Protocol Information: Flags, Anthems, The Coat of Arms, Invitations, Precedence
For organizations in Canadaplanning an event at which the flags of Barbados, Canada or a province or territory of Canada will be flown, the national anthems of Barbados and Canada played, or to which dignitaries either from Barbados or Canada will be invited to attend and/or speak, the following protocol guidelines should be followed.
Flags If placing the flags of Barbados and Canada on a stage or against a wall, they should be placed such that if you stand facing the flags, the flag of Barbados is on the right and the flag of Canada flag is on the left. E.G: Canada....................Barbados.
If placing the flags of Barbados, Canada and a province or territory, they should be placed such that if you stand facing the flags, the flag of Barbados is on the left, the flag of Canada in the centre and the flag of the province or territory on the right. E.G: Barbados...............Canada................Province/Territory.
Anthems In playing national anthems at an event, it is customary and preferred that the anthems are played at the beginning of the event. If the two anthems are played at the beginning of the event, the national anthem of Canada should be played first, followed by the national anthem of Barbados.
Should the anthems be played at the end of an event (which can be done) the national anthem of Barbados should be played first, followed by the national anthem of Canada.
National anthems must not be parodied in verse or song; or played in any tempo other than that officially recognized.
The Coat of Arms The Coat of Arms of Barbados, Canada, a province or territory is the official seal of the government and may not be used or reproduced in any form without the approval of the respective Government.
Invitations In addressing invitations to the Prime Minister of Barbados, Prime Minister of Canada, a Premier of a province or territory, a cabinet minister in the Government of Barbados, the Government of Canada or the government of a province or territory, use the title "Honourable", which can be shortened to "Hon.", as in the following examples: - The Hon. <Name>, Prime Minister of <Country>. - The Hon. <Name>, Premier of <Province>. - The Hon. <Name>, Minister of <Name of Ministry>. The salutation should be: "Prime Minister", "Premier", "Minister". In the third person the Prime Minister is referred to as "The Honourable Prime Minister" or as "The Prime Minister", the Premier is referred to as "The Honourable Premier" or as "The Premier"; and a Minister is referred to as "The Honourable Minister" or as "The Minister".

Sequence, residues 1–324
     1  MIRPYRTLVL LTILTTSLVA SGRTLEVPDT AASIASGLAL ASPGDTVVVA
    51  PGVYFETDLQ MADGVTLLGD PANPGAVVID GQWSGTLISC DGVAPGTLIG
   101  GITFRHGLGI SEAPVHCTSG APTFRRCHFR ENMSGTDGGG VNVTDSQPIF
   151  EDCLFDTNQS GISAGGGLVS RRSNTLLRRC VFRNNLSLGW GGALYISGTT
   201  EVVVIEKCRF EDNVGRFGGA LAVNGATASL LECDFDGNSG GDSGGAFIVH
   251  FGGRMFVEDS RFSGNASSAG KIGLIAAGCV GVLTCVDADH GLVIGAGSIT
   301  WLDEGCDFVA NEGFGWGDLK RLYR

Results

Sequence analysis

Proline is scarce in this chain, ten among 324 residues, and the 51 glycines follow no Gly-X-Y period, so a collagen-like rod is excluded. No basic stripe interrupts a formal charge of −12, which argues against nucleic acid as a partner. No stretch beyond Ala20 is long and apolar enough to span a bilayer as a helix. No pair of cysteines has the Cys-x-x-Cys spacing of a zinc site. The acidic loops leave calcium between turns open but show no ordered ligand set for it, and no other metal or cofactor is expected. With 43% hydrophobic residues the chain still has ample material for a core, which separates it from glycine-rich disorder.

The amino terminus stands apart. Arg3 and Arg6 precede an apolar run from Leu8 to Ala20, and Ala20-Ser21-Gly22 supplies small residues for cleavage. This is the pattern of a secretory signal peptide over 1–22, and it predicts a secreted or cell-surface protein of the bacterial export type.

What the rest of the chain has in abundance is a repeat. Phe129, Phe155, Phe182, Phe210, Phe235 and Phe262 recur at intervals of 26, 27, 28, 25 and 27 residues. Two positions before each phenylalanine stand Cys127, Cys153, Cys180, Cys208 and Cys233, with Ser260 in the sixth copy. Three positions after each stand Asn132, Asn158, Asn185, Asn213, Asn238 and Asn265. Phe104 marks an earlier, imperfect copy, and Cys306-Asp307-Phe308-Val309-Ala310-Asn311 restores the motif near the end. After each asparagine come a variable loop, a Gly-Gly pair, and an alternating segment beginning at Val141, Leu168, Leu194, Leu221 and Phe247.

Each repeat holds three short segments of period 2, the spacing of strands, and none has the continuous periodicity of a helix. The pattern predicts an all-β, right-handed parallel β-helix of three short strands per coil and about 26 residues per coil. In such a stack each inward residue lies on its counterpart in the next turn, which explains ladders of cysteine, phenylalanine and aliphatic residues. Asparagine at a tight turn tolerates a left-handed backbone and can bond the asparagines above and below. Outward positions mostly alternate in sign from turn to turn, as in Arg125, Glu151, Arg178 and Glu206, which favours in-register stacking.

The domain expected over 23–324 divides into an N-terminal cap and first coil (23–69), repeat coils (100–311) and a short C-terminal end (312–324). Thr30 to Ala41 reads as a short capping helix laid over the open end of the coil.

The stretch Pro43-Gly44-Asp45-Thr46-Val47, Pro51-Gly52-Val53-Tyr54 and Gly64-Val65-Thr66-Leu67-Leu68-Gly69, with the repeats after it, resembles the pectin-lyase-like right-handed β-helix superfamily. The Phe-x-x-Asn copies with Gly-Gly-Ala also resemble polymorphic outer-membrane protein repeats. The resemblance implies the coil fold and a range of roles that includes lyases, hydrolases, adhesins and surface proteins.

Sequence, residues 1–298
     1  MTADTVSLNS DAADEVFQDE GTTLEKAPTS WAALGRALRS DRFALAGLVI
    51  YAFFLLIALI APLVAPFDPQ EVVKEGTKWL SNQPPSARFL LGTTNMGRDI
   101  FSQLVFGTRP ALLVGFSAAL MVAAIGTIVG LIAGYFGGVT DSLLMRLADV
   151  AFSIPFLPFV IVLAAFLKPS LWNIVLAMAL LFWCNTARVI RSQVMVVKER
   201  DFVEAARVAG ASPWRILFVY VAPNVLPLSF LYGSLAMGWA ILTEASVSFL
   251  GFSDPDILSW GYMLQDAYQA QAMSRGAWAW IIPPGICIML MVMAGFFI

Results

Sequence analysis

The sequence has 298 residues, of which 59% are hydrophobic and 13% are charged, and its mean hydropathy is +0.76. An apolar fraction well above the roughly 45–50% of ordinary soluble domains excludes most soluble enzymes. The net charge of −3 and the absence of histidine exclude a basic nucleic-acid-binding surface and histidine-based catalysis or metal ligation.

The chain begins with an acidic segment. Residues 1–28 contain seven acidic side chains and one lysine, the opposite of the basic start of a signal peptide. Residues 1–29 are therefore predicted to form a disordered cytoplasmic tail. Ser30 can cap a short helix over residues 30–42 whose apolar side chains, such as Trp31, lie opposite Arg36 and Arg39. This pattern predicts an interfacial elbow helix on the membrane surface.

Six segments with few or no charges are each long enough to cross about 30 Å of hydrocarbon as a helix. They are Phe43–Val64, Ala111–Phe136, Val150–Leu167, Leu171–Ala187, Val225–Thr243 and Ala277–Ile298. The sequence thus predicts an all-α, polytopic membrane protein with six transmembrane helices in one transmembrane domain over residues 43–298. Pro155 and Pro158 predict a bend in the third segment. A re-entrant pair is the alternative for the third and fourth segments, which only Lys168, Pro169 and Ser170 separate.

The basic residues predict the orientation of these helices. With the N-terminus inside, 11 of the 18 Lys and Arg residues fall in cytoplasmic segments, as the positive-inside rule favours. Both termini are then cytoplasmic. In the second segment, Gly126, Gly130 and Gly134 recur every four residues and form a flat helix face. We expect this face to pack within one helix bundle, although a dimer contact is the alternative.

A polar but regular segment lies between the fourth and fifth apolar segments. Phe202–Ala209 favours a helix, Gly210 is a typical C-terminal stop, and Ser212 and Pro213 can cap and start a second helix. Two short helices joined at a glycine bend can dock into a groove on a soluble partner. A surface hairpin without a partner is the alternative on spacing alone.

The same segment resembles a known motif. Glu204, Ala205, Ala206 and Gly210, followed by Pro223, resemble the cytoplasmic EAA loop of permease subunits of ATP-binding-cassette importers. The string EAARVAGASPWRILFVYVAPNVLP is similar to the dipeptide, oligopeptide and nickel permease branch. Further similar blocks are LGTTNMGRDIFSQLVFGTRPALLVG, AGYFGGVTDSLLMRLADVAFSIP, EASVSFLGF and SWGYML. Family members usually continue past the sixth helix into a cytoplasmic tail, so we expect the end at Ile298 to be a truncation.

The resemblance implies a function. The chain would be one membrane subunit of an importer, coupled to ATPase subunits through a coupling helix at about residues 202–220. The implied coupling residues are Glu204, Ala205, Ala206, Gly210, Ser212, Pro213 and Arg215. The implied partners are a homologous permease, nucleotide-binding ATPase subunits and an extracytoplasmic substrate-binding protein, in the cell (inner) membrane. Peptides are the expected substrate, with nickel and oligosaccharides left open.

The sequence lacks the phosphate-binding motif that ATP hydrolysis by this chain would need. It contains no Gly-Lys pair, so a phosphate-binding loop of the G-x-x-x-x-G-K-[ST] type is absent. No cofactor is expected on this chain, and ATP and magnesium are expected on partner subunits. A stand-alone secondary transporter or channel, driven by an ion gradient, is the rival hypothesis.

In addressing invitations to a Mayor of a municipality use the title "His/Her Worship". E.g.: His Worship, Mayor <name> of <name of municipality>. In formal settings the Mayor is addressed in the second person as "Your Worship" and thereafter as "Sir" or "Madam". In the third person the mayor is referred to as "His/Her Worship" or "The Mayor".
Invitations to the Governor General of Canada should be addressed as follows: - His/Her Excellency the Right Honourable <Name> Governor General of Canada The salutation should be: "Excellency". In the third person the Governor General is referred to as "His/Her Excellency" or as "The Governor General".
Invitations to the Lieutenant Governor of a province or Commissioner of a territory should be addressed as follows: - The Honourable <Name> Lieutenant Governor/Commissioner of <Province/Territory> The salutation should be: "Your Honour". In the third person the Lieutenant Governor or Commissioner should be referred to as "His or Her Honour" or as "The Lieutenant Governor or "The Commissioner".
Speaking Protocols In establishing the order of speakers when more than one dignitary will be speaking, the rule...…"the most senior speaks last" generally applies. For detail on the order of precedence for Canada or your province or territory, visit the Government of Canada's website....Click here.
Recognizing Dignitaries at Your Event For guidance on the order in which dignitaries attending your event should be recognized, see the Table of precedence for Canada or for your province or territory in the Government of Canada's website.....Click here.
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